14. July 2016

Fif­teen years of dis­as­ter re­lief from space – glob­al pat­terns and trends

Global satellite-based emergency mapping
Glob­al satel­lite-based emer­gen­cy map­ping
Image 1/3, Credit: DLR/Human Rights Watch.

Global satellite-based emergency mapping

The graph shows the glob­al dis­tri­bu­tion and den­si­ty of satel­lite-based emer­gen­cy map­ping of a to­tal of 804 geo­ref­er­enced points or lo­ca­tions from 2000-2014. The dis­tri­bu­tion is rep­re­sent­ed by colours - low den­si­ty (blue) to high den­si­ty (red).
Ac­ti­va­tion at ZKI in Oberp­faf­fen­hofen
Image 2/3, Credit: DLR (CC-BY 3.0).

Activation at ZKI in Oberpfaffenhofen

Since 2004, the DLR site in Oberp­faf­fen­hofen op­er­ates the Cen­tre for Satel­lite-based Cri­sis In­for­ma­tion (ZKI). At this lo­ca­tion, re­mote sens­ing spe­cial­ists cre­ate emer­gen­cy satel­lite im­age maps on de­mand to pro­vide sup­port for dis­as­ter man­age­ment.
On site use
Image 3/3, Credit: DLR (CC-BY 3.0).

On site use

Spe­cialised satel­lite maps of­fer lo­cal re­lief work­ers a quick overview of the emer­gen­cy sit­u­a­tion. This as­sis­tance from satel­lites is in­dis­pens­able to­day to as­sist in the man­age­ment of dis­as­ters.

Today, the analysis and use of satellite images is commonplace. Just 15 years ago, however, only a handful of specialists worked with these valuable data. Since then, a particular niche expertise has rapidly developed – the use of satellite data for disaster management. An international team of experts led by the German Aerospace Center (Deutsches Zentrum für Luft- und Raumfahrt; DLR) has analysed the historical development of satellite-based emergency mapping. In the current special issue of the Sci­ence Mag­a­zine, the researchers are presenting global patterns alongside historic and emerging trends in this field.

To complete their analysis, the scientists studied more than 1000 disaster relief activations around the world between 2000 and 2014, creating a unique database in the process: "This database – which is in essence a cadastre of global satellite-based emergency mapping – allows us to study global patterns and trends in the community. This way, we can provide even better support in emergency situations, while also improving our global decision-making and cooperation. It would be extremely instrumental to further maintain this database so we can keep an eye on future trends and devepments" says lead author Stefan Voigt from the DLR Earth Observation Center (EOC) in Oberpfaffenhofen.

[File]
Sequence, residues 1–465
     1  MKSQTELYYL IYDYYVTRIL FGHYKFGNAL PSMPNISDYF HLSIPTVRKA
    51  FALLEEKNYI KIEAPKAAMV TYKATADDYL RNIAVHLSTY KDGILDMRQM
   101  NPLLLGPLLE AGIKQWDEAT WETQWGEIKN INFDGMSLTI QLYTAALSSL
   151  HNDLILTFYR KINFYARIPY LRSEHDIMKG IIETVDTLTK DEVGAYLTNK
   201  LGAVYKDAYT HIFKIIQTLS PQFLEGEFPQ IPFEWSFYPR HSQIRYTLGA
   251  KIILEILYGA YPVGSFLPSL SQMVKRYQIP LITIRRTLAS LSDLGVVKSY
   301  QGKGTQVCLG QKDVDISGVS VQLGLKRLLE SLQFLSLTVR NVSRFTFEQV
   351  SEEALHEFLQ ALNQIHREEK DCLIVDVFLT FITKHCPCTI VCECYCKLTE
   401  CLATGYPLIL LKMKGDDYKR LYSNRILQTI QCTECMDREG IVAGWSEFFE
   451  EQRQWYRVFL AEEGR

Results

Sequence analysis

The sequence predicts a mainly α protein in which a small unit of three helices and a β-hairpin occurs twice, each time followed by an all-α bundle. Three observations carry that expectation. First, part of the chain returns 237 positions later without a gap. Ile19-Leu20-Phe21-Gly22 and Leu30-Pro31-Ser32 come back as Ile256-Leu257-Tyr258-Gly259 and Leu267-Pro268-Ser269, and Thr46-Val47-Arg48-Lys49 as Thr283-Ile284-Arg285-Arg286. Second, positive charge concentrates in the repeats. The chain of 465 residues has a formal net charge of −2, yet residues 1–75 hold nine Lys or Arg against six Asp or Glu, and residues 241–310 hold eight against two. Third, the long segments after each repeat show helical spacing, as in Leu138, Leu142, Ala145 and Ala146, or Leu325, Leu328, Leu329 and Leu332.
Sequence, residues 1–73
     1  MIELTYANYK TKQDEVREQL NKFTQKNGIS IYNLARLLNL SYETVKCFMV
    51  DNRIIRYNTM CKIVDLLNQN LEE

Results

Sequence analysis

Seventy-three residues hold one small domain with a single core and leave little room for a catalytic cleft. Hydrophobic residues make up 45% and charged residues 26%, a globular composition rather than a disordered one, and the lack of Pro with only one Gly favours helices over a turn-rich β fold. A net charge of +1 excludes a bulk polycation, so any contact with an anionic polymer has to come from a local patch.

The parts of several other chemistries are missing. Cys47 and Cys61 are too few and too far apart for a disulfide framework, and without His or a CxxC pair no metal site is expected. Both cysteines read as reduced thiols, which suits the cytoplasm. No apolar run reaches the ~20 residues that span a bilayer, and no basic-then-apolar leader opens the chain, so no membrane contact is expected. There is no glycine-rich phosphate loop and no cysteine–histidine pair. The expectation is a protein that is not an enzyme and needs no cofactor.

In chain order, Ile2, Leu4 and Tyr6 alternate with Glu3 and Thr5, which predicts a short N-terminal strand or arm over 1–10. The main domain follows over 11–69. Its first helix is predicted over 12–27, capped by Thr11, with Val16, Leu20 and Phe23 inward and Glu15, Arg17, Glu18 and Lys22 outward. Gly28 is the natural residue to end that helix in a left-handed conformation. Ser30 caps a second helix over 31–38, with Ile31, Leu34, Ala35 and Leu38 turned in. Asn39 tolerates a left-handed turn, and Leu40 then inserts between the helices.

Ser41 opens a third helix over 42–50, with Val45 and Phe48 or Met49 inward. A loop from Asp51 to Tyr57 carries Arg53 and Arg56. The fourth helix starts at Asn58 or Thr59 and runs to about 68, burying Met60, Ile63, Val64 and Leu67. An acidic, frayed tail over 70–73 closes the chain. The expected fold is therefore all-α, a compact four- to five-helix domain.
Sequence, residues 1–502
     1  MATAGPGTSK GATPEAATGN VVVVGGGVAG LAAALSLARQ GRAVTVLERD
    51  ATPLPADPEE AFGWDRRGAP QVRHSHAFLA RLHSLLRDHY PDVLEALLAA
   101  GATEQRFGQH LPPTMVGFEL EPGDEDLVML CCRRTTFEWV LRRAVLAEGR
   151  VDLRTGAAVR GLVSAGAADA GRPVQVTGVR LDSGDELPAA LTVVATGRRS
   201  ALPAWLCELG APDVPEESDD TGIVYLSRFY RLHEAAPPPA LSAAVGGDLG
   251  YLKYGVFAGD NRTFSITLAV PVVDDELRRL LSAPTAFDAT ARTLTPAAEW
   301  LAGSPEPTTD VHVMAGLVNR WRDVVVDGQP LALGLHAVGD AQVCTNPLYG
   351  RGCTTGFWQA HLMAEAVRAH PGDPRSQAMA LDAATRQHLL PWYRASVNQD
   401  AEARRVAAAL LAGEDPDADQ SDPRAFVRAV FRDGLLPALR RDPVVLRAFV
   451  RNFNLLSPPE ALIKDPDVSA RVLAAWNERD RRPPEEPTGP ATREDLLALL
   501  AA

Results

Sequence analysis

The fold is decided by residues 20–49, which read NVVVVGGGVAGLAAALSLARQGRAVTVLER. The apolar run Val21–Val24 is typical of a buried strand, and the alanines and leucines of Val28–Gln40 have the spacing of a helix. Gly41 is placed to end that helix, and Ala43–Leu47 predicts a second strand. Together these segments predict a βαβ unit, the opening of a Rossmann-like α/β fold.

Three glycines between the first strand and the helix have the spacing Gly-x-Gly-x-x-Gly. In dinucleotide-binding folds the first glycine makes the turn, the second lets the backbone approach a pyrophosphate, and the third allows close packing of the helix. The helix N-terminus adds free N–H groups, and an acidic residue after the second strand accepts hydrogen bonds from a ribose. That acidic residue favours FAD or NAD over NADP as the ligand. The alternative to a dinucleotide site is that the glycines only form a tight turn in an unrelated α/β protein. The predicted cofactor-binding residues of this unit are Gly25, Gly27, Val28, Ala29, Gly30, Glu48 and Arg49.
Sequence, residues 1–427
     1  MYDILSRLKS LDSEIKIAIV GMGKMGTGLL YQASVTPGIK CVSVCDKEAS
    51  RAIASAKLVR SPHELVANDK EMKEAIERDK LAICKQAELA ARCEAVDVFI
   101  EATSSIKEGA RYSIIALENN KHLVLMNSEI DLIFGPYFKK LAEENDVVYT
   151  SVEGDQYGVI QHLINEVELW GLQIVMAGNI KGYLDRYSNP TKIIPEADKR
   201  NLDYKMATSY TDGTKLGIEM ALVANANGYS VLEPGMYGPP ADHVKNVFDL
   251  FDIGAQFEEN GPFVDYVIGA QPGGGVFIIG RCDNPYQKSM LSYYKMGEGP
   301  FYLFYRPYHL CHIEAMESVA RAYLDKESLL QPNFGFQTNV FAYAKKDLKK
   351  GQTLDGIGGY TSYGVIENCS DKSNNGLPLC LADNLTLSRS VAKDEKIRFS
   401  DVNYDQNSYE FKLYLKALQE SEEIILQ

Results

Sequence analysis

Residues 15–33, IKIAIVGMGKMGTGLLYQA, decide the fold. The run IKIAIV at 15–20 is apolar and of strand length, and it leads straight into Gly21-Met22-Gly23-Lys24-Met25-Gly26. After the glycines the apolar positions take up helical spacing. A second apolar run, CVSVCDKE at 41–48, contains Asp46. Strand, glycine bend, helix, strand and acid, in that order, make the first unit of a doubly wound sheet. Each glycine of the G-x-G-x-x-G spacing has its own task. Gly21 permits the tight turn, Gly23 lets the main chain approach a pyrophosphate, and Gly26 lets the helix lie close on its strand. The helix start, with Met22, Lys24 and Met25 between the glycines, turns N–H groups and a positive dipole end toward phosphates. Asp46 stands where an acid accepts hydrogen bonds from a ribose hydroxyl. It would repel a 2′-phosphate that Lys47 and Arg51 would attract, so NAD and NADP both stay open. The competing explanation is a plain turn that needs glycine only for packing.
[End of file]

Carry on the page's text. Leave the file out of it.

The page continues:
Rising demand, greater capacity

Government agencies, research institutions, humanitarian organisations, relief workers and increasingly also media – the number of users and service providers across the globe is numerous today. In comparison: in 2000, satellite-based emergency mapping was requested seven times in total around the world; by 2014 the number of 'activations' had risen to 123. In its study, the team led by the remote sensing expert Stefan Voigt addressed several questions, including the following: how quickly are satellite image maps available in the event of emergencies? Does the satellite imaging process take place where it is needed most urgently? Is global satellite-based emergency mapping fulfilling its purpose?

The response time during an emergency – from the request to the delivery of the first data product – is currently two-and-a-half days on average. Here, data acquisition still poses the greatest challenge. In most cases, it takes two days to free up a suitable satellite, to reprogram it for the target area, and to make the data available to the analysts. Under favourable circumstances, the satellite data are available sooner, sometimes allowing an availability of maps within even 24 hours.